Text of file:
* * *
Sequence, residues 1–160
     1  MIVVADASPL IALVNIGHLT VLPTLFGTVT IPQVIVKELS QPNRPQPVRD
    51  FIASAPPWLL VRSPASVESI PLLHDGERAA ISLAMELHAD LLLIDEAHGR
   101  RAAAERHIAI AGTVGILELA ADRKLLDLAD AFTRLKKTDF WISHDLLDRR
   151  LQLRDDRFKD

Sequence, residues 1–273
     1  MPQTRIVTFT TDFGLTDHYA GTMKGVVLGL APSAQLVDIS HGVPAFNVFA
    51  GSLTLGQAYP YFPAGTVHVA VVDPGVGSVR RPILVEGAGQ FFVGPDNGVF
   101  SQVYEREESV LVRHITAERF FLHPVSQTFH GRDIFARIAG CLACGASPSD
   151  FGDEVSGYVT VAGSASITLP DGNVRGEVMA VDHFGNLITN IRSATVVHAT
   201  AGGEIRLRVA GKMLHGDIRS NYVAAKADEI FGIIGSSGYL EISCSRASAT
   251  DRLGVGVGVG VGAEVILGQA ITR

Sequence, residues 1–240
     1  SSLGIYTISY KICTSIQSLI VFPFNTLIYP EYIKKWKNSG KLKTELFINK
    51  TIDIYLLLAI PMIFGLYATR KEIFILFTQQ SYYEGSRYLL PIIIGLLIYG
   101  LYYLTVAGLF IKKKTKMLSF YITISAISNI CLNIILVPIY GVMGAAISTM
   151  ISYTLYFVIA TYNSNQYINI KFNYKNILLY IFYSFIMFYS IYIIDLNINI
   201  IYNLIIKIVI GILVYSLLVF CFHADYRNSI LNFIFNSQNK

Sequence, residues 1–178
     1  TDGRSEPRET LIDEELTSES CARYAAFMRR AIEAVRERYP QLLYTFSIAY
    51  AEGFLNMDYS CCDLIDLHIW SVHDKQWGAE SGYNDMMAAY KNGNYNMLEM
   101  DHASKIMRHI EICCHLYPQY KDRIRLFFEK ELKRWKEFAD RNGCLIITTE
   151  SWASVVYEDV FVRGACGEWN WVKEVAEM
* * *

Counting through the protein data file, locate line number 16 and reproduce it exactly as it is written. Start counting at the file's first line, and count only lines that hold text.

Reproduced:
   101  LYYLTVAGLF IKKKTKMLSF YITISAISNI CLNIILVPIY GVMGAAISTM